- Hardcover: 304 pages
- Publisher: Razorbill Canada (Oct. 28 2014)
- Language: English
- ISBN-10: 0670068128
- ISBN-13: 978-0670068128
- Product Dimensions: 15.2 x 2.7 x 22.9 cm
- Shipping Weight: 431 g
- Average Customer Review: 2 customer reviews
- Amazon Bestsellers Rank: #573,899 in Books (See Top 100 in Books)
Earth and Sky Hardcover – Oct 28 2014
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“[A]n enticing and enjoyable piece of fiction that will keep lovers of sci-fi and time travel engaged.” - CM Review
About the Author
MEGAN CREWE is the highly acclaimed author of several books and pieces of short fiction for young adults. Her first novel, Give Up the Ghost, was shortlisted for the Sunburst Award. The Way We Fall, the first instalment in Crewe’s Fallen World trilogy, was published to great acclaim in 2012, and was shortlisted for the OLA White Pine Award, with the two following books, The Lives We Lost and The Worlds We Make, coming out in 2013 and 2014 respectively. When not writing, she tutors children and teens with special needs. She lives in Toronto with her family.
Top customer reviews
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Earth & Sky combines a science fiction base with flashes of historical fiction, which I absolutely loved. I am a big fan of historical fiction, so having Skylar and Win jump to different time periods on their quest -- and to get to explore these time period a bit, not just hop in, hop out -- was a lot of fun for me. I think Crewe did a wonderful job of trying to capture the feeling of each location and time period and I wish I could have spent more time in each of these places because I was enjoying that a lot.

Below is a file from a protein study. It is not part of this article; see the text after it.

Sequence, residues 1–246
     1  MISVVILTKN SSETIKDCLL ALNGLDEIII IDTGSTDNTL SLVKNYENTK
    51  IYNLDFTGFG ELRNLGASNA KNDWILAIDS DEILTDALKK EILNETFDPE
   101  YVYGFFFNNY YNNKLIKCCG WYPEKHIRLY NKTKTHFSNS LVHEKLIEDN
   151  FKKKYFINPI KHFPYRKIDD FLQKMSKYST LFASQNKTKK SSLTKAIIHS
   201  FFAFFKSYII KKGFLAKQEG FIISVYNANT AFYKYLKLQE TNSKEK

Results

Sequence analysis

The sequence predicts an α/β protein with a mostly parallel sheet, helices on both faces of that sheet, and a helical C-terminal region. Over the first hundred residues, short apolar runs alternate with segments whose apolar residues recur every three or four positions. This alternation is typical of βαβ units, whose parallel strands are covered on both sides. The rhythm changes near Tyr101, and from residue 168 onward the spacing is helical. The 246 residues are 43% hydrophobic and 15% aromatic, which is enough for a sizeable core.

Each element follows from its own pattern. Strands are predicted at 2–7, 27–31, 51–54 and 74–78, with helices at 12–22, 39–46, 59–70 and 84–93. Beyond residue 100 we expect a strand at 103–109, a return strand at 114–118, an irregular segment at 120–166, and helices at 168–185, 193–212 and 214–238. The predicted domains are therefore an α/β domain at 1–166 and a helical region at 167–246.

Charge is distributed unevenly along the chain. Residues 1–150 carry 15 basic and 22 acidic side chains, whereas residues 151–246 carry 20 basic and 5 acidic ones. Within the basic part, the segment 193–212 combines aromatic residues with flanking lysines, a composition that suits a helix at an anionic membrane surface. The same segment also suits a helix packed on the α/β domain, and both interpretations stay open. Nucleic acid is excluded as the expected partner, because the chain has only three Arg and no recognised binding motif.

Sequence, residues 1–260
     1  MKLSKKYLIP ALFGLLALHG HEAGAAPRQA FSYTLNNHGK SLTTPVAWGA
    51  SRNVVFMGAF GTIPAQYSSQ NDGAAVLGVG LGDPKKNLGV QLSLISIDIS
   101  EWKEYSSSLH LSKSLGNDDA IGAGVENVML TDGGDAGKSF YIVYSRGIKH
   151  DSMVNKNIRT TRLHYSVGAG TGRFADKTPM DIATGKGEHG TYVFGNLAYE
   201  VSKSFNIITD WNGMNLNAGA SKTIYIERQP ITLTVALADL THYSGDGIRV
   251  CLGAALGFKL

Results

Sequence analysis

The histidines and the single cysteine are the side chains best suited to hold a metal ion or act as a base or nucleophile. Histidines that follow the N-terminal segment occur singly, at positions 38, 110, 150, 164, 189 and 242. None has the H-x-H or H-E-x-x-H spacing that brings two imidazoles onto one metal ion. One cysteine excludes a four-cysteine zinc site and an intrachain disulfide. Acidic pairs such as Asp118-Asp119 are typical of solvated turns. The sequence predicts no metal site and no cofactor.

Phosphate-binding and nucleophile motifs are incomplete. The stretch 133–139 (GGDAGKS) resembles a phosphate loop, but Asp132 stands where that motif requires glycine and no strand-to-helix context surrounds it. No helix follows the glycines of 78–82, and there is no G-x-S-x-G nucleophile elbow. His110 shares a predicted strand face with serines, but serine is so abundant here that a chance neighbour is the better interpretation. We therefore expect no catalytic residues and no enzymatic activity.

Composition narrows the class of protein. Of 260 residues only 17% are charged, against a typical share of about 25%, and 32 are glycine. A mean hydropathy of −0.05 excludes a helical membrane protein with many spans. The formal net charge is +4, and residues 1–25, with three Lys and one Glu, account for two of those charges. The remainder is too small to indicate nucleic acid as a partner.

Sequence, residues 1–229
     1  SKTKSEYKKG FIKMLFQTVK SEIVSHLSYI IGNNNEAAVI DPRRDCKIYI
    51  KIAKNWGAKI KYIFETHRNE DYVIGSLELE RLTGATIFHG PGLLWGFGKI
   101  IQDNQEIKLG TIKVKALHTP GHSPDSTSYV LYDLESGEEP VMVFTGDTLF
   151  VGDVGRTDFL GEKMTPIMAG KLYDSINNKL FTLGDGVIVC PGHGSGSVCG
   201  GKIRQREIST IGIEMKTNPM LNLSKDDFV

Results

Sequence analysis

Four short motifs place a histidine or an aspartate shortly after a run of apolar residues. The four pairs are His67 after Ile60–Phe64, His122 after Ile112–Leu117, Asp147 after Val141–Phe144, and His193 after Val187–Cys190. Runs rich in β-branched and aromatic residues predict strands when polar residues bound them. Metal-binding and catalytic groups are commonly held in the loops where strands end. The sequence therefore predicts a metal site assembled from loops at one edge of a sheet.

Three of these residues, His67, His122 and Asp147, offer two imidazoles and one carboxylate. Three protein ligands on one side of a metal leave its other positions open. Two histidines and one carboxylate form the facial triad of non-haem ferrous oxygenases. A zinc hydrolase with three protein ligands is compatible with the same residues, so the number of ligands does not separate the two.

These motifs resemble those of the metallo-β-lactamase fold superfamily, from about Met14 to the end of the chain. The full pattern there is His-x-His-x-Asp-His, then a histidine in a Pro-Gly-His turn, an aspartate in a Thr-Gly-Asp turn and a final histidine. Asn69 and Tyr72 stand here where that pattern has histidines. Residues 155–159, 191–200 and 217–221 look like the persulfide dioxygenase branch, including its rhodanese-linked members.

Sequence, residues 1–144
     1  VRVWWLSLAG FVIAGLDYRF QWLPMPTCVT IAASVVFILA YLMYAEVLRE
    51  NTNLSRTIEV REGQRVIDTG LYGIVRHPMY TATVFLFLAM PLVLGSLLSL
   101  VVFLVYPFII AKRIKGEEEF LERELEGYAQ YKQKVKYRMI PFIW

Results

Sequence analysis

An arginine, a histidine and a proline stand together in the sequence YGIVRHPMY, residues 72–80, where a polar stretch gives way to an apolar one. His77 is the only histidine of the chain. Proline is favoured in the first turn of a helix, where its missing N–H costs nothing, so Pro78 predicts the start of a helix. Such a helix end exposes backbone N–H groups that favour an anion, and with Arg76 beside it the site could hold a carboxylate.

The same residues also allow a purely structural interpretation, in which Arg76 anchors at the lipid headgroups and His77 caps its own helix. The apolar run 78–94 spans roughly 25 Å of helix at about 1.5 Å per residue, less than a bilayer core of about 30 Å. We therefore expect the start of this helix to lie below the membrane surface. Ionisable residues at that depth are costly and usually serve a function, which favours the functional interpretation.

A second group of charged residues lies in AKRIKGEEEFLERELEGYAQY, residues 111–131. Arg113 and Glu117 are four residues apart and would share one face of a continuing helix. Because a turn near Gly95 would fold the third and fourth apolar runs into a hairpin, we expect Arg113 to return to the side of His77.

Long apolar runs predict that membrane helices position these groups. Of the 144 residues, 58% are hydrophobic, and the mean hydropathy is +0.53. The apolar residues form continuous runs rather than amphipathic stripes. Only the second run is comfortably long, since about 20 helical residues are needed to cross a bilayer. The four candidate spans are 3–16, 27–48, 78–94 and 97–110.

When it comes to the actual time travel element that made those history visits possible, I was impressed with the logic. I'm sure more experiences sci-fi fans than I will have some questions for Crewe, but as a casual (but reasonably intelligent) sci-fi fan, I was able to follow along with the explanations and logic behind the time travel and the aliens' actions that were messing with Earth. I didn't pick up on any glaring errors or inconsistencies that would have pulled me out of the story or made it completely unbelievable, and I think that made a huge difference because I was able to suspend my disbelief when it came to the alien aspect since the science aspect lined up well. In this sense, it was very well executed.